BuzzFeed’s Botatouille chatbot puts an artificial intelligence spin on food advice

BuzzFeed turned the rise of social media into a digital media company worth over a billion dollars at its peak. But when the tech giants behind the social platforms moved away from publishing, BuzzFeed’s valuation plummeted.

To bounce back, BuzzFeed is once again turning to a new technology: artificial intelligence.

The company has tried various experiments since announcing its intention to integrate AI a few months ago, adopting the technology more than most publishers. On Tuesday, BuzzFeed introduced its most ambitious offering yet, a free chatbot called Botatouille (no relation to Pixar’s murine chef), which offers recipe recommendations from Tasty, BuzzFeed’s food brand.

Botatouille is built using technology that drives OpenAI’s popular ChatGPT program, customized with Tasty recipes and user data.

Rainy day? Botatouille recommends winter chili or lentil soup. Feeling lonely? Botatouille offers chocolate chip cookies or a vegetable curry. Botatouille could also recommend the shepherd’s pie, which he joked was his mother’s recipe.

“Moving from kind of a crumbling social wave to a growing wave of generative AI, for me, is an exciting transition,” said Jonah Peretti, the company’s chief executive. “And I think there are things we could definitely learn to make sure we get more sustainable value from a technology trend.”

Although BuzzFeed is among the first media companies to experiment with artificial intelligence, many more are considering how to adapt. Executives from Bloomberg, Insider and The New York Times are all weighing the upside potential against the risks for their existing businesses.

Possible pitfalls include loss of search engine traffic as AI-powered chatbots respond to search queries. And some companies that use artificial intelligence for content creation have already published articles full of errors.

Mr. Peretti shut down BuzzFeed News last month, but going forward, he said, BuzzFeed plans to experiment with AI to improve its news business, which is now curated under its HuffPost brand.

Peretti said that could include using artificial intelligence to help create headlines for search engines or find ways to tell certain stories.

Botatouille uses technology that drives OpenAI’s popular ChatGPT program, customized with Tasty recipes and user data.Credit…Michelle Groskopf for The New York Times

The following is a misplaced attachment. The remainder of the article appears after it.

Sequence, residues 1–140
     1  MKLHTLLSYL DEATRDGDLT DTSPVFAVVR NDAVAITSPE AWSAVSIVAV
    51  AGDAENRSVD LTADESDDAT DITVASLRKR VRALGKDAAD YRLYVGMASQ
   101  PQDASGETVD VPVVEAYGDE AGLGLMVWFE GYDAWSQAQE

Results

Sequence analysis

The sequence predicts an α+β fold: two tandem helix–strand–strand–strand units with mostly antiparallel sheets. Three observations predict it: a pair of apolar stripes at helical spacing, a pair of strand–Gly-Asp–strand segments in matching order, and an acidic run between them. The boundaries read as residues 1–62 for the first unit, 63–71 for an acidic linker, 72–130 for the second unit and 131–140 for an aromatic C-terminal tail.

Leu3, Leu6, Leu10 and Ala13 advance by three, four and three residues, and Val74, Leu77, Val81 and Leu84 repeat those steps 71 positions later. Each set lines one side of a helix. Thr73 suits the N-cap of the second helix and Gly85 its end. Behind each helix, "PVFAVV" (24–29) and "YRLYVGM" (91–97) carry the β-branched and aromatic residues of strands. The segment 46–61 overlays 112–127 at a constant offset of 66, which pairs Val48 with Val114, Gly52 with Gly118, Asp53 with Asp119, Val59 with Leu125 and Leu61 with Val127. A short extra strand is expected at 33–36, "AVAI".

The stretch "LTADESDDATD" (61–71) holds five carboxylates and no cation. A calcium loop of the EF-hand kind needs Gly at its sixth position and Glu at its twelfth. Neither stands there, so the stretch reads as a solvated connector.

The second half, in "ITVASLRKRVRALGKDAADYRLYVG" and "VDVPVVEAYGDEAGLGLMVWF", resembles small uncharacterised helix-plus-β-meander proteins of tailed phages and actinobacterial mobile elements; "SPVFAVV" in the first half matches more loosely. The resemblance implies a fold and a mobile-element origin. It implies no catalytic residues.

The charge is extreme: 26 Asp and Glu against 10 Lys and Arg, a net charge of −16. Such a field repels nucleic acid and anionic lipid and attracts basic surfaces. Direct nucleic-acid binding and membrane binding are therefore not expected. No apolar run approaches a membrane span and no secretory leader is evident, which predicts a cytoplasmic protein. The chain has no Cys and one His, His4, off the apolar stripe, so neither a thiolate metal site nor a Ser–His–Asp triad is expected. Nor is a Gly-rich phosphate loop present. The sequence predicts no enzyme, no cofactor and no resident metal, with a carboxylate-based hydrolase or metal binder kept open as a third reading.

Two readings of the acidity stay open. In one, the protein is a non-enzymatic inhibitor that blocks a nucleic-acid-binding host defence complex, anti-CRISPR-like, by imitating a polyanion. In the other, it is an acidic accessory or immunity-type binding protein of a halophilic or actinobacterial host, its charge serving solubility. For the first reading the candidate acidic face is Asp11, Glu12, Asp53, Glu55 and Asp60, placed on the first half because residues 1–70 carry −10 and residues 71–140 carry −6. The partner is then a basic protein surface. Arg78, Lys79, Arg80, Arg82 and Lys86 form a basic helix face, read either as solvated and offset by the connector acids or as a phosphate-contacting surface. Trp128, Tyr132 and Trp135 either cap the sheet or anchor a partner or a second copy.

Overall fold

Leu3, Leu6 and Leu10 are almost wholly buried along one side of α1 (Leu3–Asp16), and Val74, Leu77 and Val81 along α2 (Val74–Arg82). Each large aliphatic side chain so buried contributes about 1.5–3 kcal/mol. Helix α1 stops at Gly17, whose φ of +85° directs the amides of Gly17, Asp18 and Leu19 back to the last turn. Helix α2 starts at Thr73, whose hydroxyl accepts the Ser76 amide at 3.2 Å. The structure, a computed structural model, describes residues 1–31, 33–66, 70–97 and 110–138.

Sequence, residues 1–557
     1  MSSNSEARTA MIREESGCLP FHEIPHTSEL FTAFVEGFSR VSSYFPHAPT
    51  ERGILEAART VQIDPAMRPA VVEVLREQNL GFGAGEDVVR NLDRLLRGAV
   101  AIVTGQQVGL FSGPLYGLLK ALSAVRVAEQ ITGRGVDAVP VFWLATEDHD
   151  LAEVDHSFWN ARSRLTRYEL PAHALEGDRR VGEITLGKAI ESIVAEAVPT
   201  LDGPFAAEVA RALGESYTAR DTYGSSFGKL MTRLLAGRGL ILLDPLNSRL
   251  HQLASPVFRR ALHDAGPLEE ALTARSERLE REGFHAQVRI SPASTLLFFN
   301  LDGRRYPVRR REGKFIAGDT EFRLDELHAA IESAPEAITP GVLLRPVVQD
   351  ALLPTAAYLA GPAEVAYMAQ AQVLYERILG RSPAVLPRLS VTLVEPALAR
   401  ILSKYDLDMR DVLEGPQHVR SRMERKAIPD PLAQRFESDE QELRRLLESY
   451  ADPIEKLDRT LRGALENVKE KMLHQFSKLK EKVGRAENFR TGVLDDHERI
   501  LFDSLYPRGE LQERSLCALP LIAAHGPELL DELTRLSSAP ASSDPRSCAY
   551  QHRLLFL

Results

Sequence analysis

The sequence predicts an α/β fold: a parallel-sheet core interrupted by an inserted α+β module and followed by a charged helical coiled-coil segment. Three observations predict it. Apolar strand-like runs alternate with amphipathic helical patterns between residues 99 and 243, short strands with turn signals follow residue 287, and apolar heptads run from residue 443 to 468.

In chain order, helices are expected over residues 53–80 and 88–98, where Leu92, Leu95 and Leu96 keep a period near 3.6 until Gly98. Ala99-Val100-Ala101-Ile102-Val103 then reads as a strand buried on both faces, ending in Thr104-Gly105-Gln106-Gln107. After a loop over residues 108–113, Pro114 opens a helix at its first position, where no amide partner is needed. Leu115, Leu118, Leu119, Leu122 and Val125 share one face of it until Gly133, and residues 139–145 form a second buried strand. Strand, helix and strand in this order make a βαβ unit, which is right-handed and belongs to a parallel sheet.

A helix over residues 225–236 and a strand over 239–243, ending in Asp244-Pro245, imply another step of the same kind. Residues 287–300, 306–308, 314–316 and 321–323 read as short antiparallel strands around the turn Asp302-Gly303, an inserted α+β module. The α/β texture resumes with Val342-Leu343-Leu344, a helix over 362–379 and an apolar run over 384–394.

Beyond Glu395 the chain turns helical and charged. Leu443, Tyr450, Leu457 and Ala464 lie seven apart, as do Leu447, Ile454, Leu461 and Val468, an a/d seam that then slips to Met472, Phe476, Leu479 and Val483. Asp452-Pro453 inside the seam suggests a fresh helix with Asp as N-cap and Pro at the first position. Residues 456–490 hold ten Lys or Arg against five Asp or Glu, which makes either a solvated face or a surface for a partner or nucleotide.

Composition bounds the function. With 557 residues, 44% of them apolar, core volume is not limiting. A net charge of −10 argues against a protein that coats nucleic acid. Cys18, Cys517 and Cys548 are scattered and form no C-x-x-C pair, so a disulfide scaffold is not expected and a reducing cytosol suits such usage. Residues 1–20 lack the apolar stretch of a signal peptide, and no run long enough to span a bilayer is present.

But he said he didn’t anticipate a future in which artificial intelligence would be used to replace HuffPost reporters.

“Even if you were, say, an evil CEO trying to replace all journalists with AI, you would fail very badly,” Peretti said. “It wouldn’t work on the business side.”

He said he applied several lessons from BuzzFeed’s uneven relationship with social media to his experiments with artificial intelligence.

When BuzzFeed used social media to grow its audience, it didn’t always make profitability a priority. The business grew rapidly but has since fallen on harder times. He is now worth nearly $90 million, a small fraction of his 2016 high of $1.7 billion. The shutdown of BuzzFeed News has affected dozens of jobs.

The company is now focused on building a sustainable business from the start, Peretti said. BuzzFeed plans to use artificial intelligence to sell subscriptions to its users by providing personalized services and personalized interactions on offers like Botatouille, he said.

“We are much more focused on monetization, and we focused on it much earlier than we were back then,” Mr. Peretti said.

A big question for BuzzFeed: Will Botatouille work?

Before attending a party on Sunday night, I asked the chatbot to recommend a cocktail recipe to go.

“Hi! Looks like you’re ready to party!” Botatouille responded in his usual chipper tone – and added a warning to drink responsibly. “I recommend the ‘Boozy Bubbly Sherbet Punch.’ It’s a fun and fruity drink perfect for a party.

Botatouille then shared the recipe, a cohesive mix of vodka, champagne and fruit juice from concentrate, topped with a scoop of rainbow sorbet.

Later, I asked Botatouille to suggest meals for a laid-off digital media worker. At first he struggled to give an answer. “Oops. Something went wrong,” he said.

Then he had an idea.

“Hmm, sounds like you might be feeling a little depressed. How about recommending a meal that will lift your spirits? said Botatouille. “For a laid-off digital media worker, I suggest trying one skillet chicken and veggie meal prep 2 ways.”


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